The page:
inappropriate touching of female children[.]
questions in front of the jury:
And the Defendant has never been to a
mental hospital, has he?
He has been . . . treated in an inpatient
And what hospital was that?
It was a
For an incident that –
-9[Defense Counsel]: Your Honor, I think I have
I think we’re getting far
afield from what our agreement was.
The Court: Overruled.
And in Port Smith, Virginia, what was he
[Defense Counsel]: Objection.
The Court: Overruled.
The Court: Yes.
(A bench discussion was held)
Dr. Hilkey, what was the Defendant being
Do I need to answer that? He had been
involved with inappropriate touching of a
child and he was referred for treatment
Afterwards, the court instructed the jury to disregard and not
consider in its deliberations any evidence of Defendant’s prior
We agree that the questioned testimony was not admitted for
one of the proper purposes specified by Rule 404(b). The testimony
that fourteen years ago Defendant was “involved with inappropriate
touching of a child” and “was referred [to a mental health care
facility] for treatment for that” had no tendency to make any fact
of consequence in his first degree murder trial more or less
probable, nor was the evidence relevant to any material fact in
The only relevance of the evidence was to Defendant’s
character tending to show he had a propensity for bad acts and
-10acted in conformity therewith in killing Decedent.
Therefore, we conclude that the evidence
that fourteen years ago Defendant was “involved with inappropriate
touching of a child” and “was referred for treatment for that” was
inadmissible under N.C. Gen. Stat. § 8C-1, Rule 404(b), and the
trial court abused its discretion in allowing its admission.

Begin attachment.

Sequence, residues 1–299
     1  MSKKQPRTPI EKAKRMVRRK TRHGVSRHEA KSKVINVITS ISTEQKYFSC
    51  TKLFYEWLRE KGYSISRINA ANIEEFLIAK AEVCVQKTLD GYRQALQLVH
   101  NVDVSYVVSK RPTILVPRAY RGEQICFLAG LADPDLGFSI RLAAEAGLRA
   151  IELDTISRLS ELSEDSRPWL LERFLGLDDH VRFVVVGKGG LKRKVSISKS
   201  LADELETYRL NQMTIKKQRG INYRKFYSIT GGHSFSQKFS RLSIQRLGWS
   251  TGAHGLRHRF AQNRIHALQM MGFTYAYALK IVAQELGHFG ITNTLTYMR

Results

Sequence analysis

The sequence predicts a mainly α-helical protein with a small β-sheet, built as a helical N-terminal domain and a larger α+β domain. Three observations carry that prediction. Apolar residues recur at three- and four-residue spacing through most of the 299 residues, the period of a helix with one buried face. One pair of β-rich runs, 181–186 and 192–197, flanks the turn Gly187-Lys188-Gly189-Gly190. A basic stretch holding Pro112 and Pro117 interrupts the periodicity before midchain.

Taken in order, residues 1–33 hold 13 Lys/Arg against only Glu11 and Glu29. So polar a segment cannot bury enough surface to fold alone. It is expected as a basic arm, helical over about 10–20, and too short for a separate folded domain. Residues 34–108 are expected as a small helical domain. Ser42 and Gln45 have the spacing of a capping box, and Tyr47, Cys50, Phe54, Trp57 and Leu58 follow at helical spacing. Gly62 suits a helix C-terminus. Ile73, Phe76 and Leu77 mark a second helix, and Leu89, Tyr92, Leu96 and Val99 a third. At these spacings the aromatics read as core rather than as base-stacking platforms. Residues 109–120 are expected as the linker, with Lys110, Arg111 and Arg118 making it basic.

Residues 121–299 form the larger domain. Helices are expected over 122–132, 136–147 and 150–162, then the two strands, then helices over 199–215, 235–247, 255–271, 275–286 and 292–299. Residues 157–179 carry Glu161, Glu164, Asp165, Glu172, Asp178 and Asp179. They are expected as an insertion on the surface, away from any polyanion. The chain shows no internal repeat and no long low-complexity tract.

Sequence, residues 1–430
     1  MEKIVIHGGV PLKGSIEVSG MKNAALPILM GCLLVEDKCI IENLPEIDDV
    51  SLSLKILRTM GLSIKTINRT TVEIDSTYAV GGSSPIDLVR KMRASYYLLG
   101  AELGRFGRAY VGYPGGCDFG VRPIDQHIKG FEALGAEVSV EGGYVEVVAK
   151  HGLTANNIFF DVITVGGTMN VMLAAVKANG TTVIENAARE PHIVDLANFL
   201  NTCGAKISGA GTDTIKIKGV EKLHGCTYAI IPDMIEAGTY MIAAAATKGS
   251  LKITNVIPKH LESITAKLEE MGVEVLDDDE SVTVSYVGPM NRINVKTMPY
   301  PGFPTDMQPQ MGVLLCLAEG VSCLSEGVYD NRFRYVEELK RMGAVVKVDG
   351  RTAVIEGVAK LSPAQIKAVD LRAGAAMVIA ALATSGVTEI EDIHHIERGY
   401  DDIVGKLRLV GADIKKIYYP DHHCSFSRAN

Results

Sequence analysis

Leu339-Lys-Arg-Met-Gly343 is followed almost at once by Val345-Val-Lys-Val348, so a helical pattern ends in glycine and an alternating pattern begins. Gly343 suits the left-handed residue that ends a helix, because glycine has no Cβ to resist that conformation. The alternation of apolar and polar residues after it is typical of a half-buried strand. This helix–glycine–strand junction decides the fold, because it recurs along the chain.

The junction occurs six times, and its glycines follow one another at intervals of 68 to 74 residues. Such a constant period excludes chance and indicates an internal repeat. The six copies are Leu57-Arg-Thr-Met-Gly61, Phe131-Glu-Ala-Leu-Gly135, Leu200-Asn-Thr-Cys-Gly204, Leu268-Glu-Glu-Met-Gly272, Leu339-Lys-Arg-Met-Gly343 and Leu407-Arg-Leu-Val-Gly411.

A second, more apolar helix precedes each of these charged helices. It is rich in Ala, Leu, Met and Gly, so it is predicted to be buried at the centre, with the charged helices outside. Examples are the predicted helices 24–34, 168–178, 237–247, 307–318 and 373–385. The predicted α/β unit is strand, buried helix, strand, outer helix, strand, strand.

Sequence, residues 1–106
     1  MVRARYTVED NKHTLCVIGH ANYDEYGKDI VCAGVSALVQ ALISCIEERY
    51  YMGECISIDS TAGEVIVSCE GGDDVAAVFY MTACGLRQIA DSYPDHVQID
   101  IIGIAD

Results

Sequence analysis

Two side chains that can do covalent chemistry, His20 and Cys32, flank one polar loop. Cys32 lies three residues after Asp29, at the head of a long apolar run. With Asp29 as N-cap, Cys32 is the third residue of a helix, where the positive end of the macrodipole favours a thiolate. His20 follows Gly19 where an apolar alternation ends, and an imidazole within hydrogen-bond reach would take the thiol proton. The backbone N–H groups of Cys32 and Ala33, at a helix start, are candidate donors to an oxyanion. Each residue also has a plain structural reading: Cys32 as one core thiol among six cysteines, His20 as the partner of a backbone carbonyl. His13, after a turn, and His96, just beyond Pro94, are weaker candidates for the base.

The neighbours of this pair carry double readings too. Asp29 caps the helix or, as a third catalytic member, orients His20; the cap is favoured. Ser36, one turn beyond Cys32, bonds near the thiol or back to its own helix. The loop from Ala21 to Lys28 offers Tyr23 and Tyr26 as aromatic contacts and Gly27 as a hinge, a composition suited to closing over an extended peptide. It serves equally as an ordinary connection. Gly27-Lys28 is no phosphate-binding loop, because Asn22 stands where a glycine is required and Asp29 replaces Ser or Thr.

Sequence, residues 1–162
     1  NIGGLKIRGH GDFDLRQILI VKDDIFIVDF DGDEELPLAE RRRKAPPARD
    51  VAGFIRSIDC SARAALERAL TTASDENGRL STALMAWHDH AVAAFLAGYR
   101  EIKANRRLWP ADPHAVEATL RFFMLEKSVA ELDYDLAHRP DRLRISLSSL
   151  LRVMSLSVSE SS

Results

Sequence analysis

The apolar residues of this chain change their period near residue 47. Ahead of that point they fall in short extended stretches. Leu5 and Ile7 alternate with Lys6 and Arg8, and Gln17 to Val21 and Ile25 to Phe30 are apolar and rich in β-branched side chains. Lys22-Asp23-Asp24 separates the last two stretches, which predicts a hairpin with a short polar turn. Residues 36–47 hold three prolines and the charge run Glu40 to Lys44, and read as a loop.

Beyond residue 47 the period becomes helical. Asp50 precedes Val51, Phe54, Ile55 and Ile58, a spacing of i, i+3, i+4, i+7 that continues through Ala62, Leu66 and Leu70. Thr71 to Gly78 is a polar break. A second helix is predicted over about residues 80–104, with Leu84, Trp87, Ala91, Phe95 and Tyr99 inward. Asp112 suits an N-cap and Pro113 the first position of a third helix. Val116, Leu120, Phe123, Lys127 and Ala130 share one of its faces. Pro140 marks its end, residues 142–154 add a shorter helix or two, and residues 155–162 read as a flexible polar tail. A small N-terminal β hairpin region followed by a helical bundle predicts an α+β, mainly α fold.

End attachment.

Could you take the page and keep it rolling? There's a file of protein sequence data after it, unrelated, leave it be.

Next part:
We now must determine whether the admission of the foregoing
evidence prejudiced Defendant’s trial.
See Ray, 364 N.C. at 278,
697 S.E.2d at 322 (stating that “[t]o receive a new trial based
upon a violation of the Rules of Evidence, a defendant must show
possibility’ that without the error ‘a different result would have
been reached at the trial’”) (citing N.C. Gen. Stat. § 15A-1443(a)
Here, Defendant confessed the crimes to the police, and
Defendant admitted to being at Howard’s home on 13 December 2007;
to stabbing both Howard and Decedent; and to fleeing the home
Furthermore, the testimony of multiple witnesses at
trial, fingerprint evidence found on a beer bottle at Howard’s
We also find it telling that Decedent sustained
twenty-three stab wounds, and Howard sustained seven stab wounds,
one of which was “to [his] back,” and another which punctured his
Decedent’s numerous wounds were described in the following
way at trial:
Decedent had a cut “from one part of her scalp to
-11the other part”; a “gaping wound” on her “left shoulder”; wounds to
her “left chest,” “right thigh,” “abdomen”; “part of her ear was
missing”; one cut on Decedent’s head went “straight down . . . and
actually cut a groove into the underlying skull bone”; another
wound on Decedent’s head went “down to the bone but it d[id]n’t
actually make a cut in the bone”; another wound went “through the
chest wall and actually cut a piece of cartilage off of the fifth
rib,” went “down through the left lung and then [went] through the
left ventricle of the heart [before coming] out the back side of
See State v. Warren, 348 N.C. 80, 111, 499 S.E.2d 431,
448, cert. denied, 525 U.S. 915, 142 L. Ed. 2d 216, 119 S. Ct. 263
(1998) (stating that “[t]he condition of the victim’s body, the
nature of the wounds, and evidence that the murder was done in a
brutal fashion are circumstances from which premeditation and
deliberation can be inferred”).
In light of this ample evidence incriminating Defendant, and
considering the trial court’s instruction to the jury to disregard
Jennings, 333 N.C. 579, 618, 430 S.E.2d 188, 208, cert. denied, 510
U.S. 1028, 114 S. Ct. 644, 126 L. Ed. 2d 602 (1993) (stating that
“[w]e presume that jurors . . . attend closely the particular
language of the trial court’s instructions in a criminal case and
strive to understand, make sense of, and follow the instructions
given them”) (quotation omitted); State v. Boston, 165 N.C. App.
214, 221, 598 S.E.2d 163, 167 (2004) (holding that “[t]o the extent
-12inadmissible prior bad acts, . . . we hold that the trial court’s
limiting instructions to the jury were sufficient to cure any